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Three years ago, Tanner Scott’s family relocated from California to Utah, a move that nudged the bisexual teen temporarily back into the closet. Now, with one semester of high school to go, and no obstacles between him and out-of-state college freedom, Tanner plans to coast through his remaining classes and clear out of Utah.

But when his best friend Autumn dares him to take Provo High’s prestigious Seminar—where honor roll students diligently toil to draft a book in a semester—Tanner can’t resist going against his better judgment and having a go, if only to prove to Autumn how silly the whole thing is. Writing a book in four months sounds simple. Four months is an eternity.

It turns out, Tanner is only partly right: four months is a long time. After all, it takes only one second for him to notice Sebastian Brother, the Mormon prodigy who sold his own Seminar novel the year before and who now mentors the class. And it takes less than a month for Tanner to fall completely in love with him.

BOOK REVIEW: Autoboyography

Christina Lauren


“Are you willing to be a secret?”

One of the most outstanding and truly unforgettable books I’ve ever read, this tender coming of age tale took my breath away, and to say I loved it would be a gross understatement. Exquisitely written, and laced with immeasurable amounts of heart and truth, this book perfectly captures the intensity and angst of teenage love, while relaying a message that is so powerful and relevant, it moved me to tears too many times to count. A genuine masterpiece that should be read by absolutely everyone.

“My family is very adamant that I don’t come out to anyone here, not unless I really trust the person.”

When eighteen-year-old Tanner Scott and his family moved from California to Provo—a predominantly Mormon town in the middle of Utah—his overly supportive parents had decided that it was in his best interest to keep his sexuality hidden from his peers and the deeply conservative religious community surrounding them. Encouraged all his life to be confortable in his own skin and proud of the person he is, Tanner cannot wait to move away for college, and with high school graduation only a semester away, he knows his closeted days are numbered.

The second my wheels hit the state line, I am going to roll down my window and wave my flag.

But when on the first day of a highly coveted book-writing course he meets Sebastian Brother, the Mormon prodigy who took that course the year before and then ended up selling his novel to a big publishing house, Tanner’s life tilts on its axis the moments he lays eyes on their new teacher’s aide. Across a busy classroom, their eyes meet and a half-Jewish queer boy falls irrevocably in love with the very devout son of a Mormon bishop.

As he faces the class from the front now, his eyes flash when they meet mine—for a tiny flicker of a second, and then again, like a prism catching light, because he does a double take. That fraction of a heartbeat is long enough for him to register my immediate infatuation. Holy shit, how quickly he recognizes it.

As inspiration continues to evade him and Tanner begins to battle the blank pages of his book, Sebastian offers to help him through his writer’s block, but the more time they spend together, in and out of the school setting, the more Tanner’s infatuation grows. And, to his surprise, it would appear that his feelings are very much returned.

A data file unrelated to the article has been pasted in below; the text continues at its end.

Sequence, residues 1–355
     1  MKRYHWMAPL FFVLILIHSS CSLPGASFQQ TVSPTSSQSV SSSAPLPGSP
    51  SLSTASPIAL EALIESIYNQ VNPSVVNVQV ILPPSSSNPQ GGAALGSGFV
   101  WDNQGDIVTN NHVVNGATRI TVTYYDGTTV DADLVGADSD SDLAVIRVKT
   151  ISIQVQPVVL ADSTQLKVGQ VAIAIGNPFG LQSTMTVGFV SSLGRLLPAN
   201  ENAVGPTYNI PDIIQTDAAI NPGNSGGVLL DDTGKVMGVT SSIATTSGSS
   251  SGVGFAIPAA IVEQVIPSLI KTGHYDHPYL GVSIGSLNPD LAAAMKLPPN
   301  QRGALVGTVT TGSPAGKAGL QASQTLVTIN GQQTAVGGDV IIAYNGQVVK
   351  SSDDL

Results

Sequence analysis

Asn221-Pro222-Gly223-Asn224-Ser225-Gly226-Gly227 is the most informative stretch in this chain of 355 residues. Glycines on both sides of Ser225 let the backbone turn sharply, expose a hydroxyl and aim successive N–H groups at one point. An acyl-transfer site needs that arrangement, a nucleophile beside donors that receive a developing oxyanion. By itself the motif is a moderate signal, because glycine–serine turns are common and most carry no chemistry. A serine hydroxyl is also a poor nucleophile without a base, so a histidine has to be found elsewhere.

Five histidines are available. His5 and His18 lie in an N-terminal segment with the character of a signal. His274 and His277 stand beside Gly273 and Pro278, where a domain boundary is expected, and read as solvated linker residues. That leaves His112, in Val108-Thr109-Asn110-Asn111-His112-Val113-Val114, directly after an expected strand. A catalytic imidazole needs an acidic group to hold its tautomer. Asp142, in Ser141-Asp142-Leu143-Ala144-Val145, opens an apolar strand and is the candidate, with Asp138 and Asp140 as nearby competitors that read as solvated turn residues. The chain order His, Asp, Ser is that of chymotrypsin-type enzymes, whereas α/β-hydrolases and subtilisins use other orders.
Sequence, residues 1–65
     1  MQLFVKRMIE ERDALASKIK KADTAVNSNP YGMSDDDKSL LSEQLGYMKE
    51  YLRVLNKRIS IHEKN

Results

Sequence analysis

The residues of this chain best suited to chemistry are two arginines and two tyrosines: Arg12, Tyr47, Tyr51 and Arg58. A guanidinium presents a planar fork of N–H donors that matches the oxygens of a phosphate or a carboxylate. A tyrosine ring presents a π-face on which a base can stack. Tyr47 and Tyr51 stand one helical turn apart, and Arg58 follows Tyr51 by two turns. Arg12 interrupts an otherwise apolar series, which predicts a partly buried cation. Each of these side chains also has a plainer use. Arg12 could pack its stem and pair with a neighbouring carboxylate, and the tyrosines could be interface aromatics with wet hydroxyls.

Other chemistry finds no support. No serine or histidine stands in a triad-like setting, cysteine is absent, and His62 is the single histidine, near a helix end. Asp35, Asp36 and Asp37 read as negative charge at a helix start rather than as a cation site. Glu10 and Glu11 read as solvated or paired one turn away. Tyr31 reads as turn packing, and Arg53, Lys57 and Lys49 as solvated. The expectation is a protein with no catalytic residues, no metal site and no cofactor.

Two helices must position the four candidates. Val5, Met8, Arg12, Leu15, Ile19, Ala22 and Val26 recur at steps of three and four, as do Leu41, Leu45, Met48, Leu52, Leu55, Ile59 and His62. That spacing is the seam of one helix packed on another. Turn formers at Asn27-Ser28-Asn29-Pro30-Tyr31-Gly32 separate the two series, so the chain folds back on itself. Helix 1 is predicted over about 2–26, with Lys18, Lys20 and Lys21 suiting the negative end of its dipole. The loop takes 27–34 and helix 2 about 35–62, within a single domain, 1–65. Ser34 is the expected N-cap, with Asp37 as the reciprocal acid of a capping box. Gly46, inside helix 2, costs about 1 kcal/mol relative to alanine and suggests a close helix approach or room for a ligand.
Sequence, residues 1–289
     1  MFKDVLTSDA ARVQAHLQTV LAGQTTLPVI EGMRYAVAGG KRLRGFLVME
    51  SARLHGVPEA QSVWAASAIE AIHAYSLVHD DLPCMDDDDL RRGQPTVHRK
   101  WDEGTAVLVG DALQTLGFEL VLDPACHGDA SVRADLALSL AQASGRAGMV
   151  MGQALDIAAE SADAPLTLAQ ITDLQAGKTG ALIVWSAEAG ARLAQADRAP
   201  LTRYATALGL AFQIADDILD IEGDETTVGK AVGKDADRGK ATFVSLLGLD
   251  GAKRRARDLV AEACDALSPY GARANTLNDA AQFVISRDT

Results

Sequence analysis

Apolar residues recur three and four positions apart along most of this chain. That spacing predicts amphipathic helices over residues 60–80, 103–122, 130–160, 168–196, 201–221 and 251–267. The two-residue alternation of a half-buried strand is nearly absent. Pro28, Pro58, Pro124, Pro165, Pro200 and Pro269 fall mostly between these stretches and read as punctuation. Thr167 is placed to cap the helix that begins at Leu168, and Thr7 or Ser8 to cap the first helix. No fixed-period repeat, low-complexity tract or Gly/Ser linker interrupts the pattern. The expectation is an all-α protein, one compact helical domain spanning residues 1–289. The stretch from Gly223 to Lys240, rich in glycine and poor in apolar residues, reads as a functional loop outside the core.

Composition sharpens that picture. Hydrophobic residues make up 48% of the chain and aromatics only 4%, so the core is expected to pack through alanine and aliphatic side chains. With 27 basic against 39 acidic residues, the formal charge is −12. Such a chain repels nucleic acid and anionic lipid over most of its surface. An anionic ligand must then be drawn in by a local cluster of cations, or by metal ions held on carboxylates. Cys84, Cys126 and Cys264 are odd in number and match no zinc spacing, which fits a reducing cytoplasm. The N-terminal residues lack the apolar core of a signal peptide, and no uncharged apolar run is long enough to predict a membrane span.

Kissing boys feels good. Kissing girls feels good. But something tells me kissing Sebastian would be like a sparkler falling in the middle of a field of dry grass.

A secret romance between them begins to blossom, and we watch two young men from two very different worlds fall hopelessly in love with one another despite the very real risk of heartbreak. We watch Sebastian struggle to reconcile all he’s been taught to believe with all he knows to be true about himself, we watch him repeatedly deny his heart what it wants the most in the world, and fail at it time and time again.

“I tried to change. And to not even let myself imagine how it would feel . . . being with . . . But then I met you.”

And in the midst of it all, Tanner’s book begins to take shape, becoming a candid, personal account of a young love that refuses to be dismissed or condemned as sin, even if no one ever gets to read it at all.

He wants to read my book, the book about falling in love with him. But how can I send my heart to him when he’s just said, in no uncertain terms, that he doesn’t speak its language?

With the unyielding dogmas of Sebastian’s faith constantly making him question himself and the consequences of his choices, it becomes increasingly clear to them both that loving one another would inevitably lead to great sacrifice, and they must decide whether what they’ve found in each other is worth it.

When I kiss you, it feels right, even if everything I read says it shouldn’t.”

Christina Lauren pens a remarkable tale of love and hope, speckled with gems of wisdom and insight into a world that up to now was entirely foreign to me. I am overcome with emotion every time I think of these characters, my heart wanting to burst out of my chest at the mere thought of this story, its importance, and the undeniable magnitude of its message. I feel my soul was enriched by this splendid book, and I cannot but sing its highest praises. A must-read.

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“Did you ever look inside yourself while you prayed and try to find the seed of who you are in there, instead of just asking God over and over for permission to look?”

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